• He often repeated his position that states and local government should have complete control over everything and therefore he wasn’t planning to put forward a proposal for actually fixing anything (heaven forbid the Federal government should actually accomplish anything itself!) On healthcare, despite his record of getting statewide healthcare in MA, he though each state should “have the opportunity” to do the same but have no federal mandate. On Education, states should give scholarships for strong students to go to college (you can imagine this went over well with the gushing Jeb Bush supporter and her whiny, “why can’t you spend more money on my smart kids” attitude) but receive no federal funding because, “states have money”.
  • I found it interesting that the only time he mentioned our wildly unpopular president was to agree with him. Bush’s current plan for Iraq and the surge is great (“thank god we didn’t have Obama as president”). The only thing the Federal government should do in education is continue Bush’s great policy of No Child Left Behind. Etc.
  • He did, however, close his inspirational speech with a perfect summing-up of his positions. “I want to make America strong, and I’d appreciate your help and all your money”.

Wasn't that handy?

Wednesday, January 9, 2008

Why Canadians make fun of our low voter turnout

Compare all the craziness of the caucus process, the challenges of voting either through our interminable scantron ballot or digital voting machines, and just generally the over-involved process us Americans go through to what C's Vancouver absentee ballot looks like:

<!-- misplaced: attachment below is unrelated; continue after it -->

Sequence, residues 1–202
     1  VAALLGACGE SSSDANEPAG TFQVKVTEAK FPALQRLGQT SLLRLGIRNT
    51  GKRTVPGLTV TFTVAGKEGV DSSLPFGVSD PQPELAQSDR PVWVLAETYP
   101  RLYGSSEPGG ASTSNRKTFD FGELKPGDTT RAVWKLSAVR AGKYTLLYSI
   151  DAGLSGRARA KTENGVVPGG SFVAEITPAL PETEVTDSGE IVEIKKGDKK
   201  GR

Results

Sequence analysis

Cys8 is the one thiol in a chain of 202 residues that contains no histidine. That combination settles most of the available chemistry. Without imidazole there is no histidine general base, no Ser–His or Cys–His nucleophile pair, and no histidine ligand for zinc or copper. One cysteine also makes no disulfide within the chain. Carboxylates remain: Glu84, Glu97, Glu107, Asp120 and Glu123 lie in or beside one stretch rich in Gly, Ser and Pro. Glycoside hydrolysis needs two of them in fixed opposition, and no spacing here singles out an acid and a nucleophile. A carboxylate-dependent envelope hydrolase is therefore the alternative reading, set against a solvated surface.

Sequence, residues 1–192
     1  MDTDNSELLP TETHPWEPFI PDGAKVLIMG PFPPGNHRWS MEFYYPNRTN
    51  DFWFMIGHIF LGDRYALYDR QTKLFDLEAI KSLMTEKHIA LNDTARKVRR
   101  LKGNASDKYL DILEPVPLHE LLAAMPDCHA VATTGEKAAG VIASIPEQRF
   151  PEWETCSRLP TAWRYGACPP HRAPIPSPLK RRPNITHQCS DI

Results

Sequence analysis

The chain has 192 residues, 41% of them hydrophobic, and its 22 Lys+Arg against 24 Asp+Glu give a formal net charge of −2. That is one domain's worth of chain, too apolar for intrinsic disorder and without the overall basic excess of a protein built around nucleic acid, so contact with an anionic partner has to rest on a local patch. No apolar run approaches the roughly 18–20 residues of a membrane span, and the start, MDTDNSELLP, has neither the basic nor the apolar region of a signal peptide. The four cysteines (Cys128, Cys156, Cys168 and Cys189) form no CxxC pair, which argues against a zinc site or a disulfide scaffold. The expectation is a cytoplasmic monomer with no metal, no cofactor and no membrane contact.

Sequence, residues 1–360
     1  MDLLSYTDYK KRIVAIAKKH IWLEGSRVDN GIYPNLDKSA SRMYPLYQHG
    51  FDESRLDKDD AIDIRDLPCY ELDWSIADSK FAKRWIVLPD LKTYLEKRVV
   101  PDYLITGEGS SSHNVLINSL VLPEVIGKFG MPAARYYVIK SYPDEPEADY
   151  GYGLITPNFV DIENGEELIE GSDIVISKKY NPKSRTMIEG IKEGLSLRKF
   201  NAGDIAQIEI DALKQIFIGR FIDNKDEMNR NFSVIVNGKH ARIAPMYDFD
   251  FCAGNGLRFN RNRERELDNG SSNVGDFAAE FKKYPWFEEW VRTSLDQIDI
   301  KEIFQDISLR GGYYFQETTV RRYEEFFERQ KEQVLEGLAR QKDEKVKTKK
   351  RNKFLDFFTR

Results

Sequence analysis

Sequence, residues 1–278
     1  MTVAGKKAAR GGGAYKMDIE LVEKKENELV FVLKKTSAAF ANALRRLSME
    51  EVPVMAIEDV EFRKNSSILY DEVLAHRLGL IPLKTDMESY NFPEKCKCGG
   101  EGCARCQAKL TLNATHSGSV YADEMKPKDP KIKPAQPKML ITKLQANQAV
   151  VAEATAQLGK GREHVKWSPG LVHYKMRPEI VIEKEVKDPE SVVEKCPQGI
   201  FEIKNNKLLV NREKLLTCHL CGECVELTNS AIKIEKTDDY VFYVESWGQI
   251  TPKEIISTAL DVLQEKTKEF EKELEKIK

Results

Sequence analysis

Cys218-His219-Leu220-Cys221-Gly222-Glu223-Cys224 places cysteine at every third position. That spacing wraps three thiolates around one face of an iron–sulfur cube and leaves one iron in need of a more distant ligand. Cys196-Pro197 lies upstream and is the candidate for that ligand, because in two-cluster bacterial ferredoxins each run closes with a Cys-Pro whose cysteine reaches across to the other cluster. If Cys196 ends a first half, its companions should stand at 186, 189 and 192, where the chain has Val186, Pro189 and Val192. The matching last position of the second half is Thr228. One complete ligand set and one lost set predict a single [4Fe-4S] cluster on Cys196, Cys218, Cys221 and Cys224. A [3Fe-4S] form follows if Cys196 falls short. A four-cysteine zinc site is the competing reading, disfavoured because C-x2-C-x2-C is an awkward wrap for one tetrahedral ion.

(pencil added for size reference)

And is it any wonder Canadians are more likely to vote?

2008: The Year of Yet More Foodies

My plan was to make this the first post of 2008 before I got all grumpy about caucuses (and I'm not done yet!) so you'll just have to pretend. Frankly, I'm surprised I haven't written more about food since, what with my double-whammy Berkeleyan AND Jewish upbringing, I'm a bit obsessed. Anyhow, as J and I were driving back from our very snowy cabin on New Year's Eve, Amy Stewart on All Things Considered was ranting about people talking too much about food, particularly local food.

Now I can understand how people who are not as into food as I am might find juicy discussions about the orgasmic pleasure of Rover’s Scrambled Eggs with Lime Crème Fraîche and White Sturgeon Caviar a bit boring and perhaps even unhealthy. For instance, I was considering buying a new book by the author of one of the food blogs I regularly check out – Gluten-Free Girl – as a Christmas present and perused the customer reviews, many of which were appalled by the loving, some said obsessive, language that she uses about food which I find simply poetic. So I get that not everyone is into it. And really, it’s no longer creative to write a “How I Ate Locally” memoir – been there, done that.

But people, you do have a choice! You don’t need to buy cookbooks or food memoirs. You don’t need to watch the food channel! You don’t need to go to dinner parties (at least not at my house). But don’t take away the joy from those of us who love food. Following chefs through markets on TV (which Ms. Stewart derides) may not be news, but it is entertainment for people like me. There’s no such thing as “just grocery shopping".

Ultimately, I can think of few things more depressing than Ms. Stewart’s suggestion of the book of 2008 - My Year of Never Ever Talking About Food, Even Once: Your Quest of Finding Something Else to Say At Breakfast.

Thursday, January 3, 2008

Tell me again why I care about Iowa?

I generally just ignore the "square middle states" as B's husband calls them, and I'm kind of grumpy that I have to hear all about what random people in Iowa think about presidential politics. NPR, along with everyone else, has been talking to tons of people in Iowa about who they're going to vote for, and I've been trying not to care because I think the fact that primaries happen on different dates in different states is completely broken. But that's not what I wanted to talk about here, on my first blog post of the new year. Instead, I wanted to talk about caucuses.